The way to avoid this value destruction — and mitigate the worst impacts of climate change — is for banks to help clients gradually and strategically reduce their risk through transition plans aligned with the objectives of the Paris Agreement. This means that banks and their clients need to set net-zero targets that aim to decarbonize most sectors by 2040, and the whole economy by 2050.

A sustained relationship gives banks private information about their clients and reinforces loyalty because it isn't easy for clients to prove their creditworthiness to other banks.

Banks can help clients make the business case for change (and reduce their own risk) by adjusting the pricing of products and services to match the level of climate risk their clients face. Banks also can help clients by providing transition finance — many firms’ decarbonization plans will require significant injections of capital.

While target setting, pricing adjustments and transition finance are approaches that can help clients in all sectors lower their climate risk, other engagement considerations (material issues, due diligence procedures, data availability, level of sophistication, technology pathways) might vary depending on the sector.

As a result, banks need to prioritize certain sectors, at least in the near term. While the most important criteria that banks should use to decide which sectors to prioritize are their level of financial exposure to a given sector and the level of climate risk that sector faces, the extent of relationship banking in a sector is also important.

In sectors with high levels of relationship banking, additional value is at risk beyond what’s on the balance sheet. It may take longer to move away from certain clients in these sectors if engagement isn’t successful. Conversely, high levels of relationship banking in a sector may allow engagement to move faster and have a higher chance of success, not only because a bank might have more leverage in these situations but also because of pre-existing trust and connectivity.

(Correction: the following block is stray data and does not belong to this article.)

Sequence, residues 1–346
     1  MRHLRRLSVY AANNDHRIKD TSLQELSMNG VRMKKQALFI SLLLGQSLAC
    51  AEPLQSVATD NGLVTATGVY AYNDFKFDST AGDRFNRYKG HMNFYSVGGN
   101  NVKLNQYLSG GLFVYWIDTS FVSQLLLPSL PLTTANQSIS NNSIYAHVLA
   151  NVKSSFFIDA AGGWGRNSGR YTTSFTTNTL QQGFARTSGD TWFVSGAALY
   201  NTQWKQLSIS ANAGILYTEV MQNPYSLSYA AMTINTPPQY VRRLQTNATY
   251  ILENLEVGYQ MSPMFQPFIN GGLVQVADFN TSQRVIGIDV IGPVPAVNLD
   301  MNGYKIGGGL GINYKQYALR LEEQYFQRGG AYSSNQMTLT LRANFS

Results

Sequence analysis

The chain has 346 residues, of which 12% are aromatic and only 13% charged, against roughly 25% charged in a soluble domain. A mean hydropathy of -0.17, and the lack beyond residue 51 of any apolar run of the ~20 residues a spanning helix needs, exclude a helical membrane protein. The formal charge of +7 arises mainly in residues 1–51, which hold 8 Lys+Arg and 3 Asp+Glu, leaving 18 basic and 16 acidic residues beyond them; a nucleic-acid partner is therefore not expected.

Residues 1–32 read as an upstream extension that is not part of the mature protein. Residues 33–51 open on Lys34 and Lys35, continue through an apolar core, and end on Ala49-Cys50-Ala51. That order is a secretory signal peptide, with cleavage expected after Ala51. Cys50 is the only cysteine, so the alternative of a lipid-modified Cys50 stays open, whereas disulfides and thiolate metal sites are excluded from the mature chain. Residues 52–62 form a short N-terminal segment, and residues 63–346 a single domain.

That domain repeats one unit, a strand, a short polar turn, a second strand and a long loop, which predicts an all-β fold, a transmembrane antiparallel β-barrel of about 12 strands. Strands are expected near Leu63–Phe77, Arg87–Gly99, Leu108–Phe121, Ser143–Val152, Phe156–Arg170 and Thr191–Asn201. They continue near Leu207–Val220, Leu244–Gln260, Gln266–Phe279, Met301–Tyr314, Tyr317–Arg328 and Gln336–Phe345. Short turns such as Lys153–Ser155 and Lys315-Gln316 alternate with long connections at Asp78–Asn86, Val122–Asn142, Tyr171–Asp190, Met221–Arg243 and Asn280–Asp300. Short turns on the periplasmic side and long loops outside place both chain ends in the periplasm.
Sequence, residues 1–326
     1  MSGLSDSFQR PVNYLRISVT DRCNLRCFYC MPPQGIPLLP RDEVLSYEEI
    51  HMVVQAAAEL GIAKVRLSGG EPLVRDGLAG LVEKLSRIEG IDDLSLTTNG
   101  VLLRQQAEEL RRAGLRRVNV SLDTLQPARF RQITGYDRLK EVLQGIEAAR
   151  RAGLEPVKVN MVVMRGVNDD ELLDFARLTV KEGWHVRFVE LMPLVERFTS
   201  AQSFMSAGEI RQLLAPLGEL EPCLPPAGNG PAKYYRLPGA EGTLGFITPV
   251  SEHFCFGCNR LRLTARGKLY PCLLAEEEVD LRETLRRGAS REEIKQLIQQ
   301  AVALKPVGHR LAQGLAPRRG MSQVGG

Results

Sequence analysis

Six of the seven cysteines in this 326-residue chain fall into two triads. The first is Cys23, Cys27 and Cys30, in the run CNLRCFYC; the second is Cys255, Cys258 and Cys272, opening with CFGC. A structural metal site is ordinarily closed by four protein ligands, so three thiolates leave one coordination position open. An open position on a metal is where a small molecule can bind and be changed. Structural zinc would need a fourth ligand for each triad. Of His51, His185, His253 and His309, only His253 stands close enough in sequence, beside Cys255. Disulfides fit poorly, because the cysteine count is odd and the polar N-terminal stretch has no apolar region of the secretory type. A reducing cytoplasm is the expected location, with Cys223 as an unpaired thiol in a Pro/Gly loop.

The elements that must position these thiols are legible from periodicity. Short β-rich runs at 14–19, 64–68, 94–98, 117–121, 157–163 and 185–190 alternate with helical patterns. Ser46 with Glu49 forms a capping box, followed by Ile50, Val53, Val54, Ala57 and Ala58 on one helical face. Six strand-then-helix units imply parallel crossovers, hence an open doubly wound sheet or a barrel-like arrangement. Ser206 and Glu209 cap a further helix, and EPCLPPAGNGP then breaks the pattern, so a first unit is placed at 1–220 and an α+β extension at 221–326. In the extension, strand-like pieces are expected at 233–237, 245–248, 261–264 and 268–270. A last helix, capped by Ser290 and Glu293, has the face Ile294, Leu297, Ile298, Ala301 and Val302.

Recommendation: Banks should adjust their sectoral engagement strategies based on the level of relationship banking in each sector. Sectors with many valuable relationships should be prioritized, engagement should move faster and more time should be allocated for these relationships to potentially unwind or be restructured.

Banks know who their most valuable clients are, but this may be difficult to see from the outside. Until banks provide greater transparency, investors and other stakeholders can use two main indicators common in academic literature to measure the extent of relationship banking in a sector: duration of loans and exclusivity of the lending relationship (number of lenders). Long-term loans concentrated among a small number of lenders may be indicative of a high level of relationship banking.

To analyze the interplay between climate risk and relationship banking, Figure 1 maps economic sectors (using CLIMAFIN’s CPRS classification system) along these two dimensions.

This indicates that relationship banking is more prevalent in the most climate-relevant sectors, especially electricity, oil and transportation. Substantial bank resources should be directed toward client engagement in these sectors as soon as possible. It is also apparent that the average maturity of loans in the coal sector is lower than for other fossil fuels. This gap has emerged recently, and hints at an increase in the perceived riskiness of coal and the associated decline of banking relationships in many cases.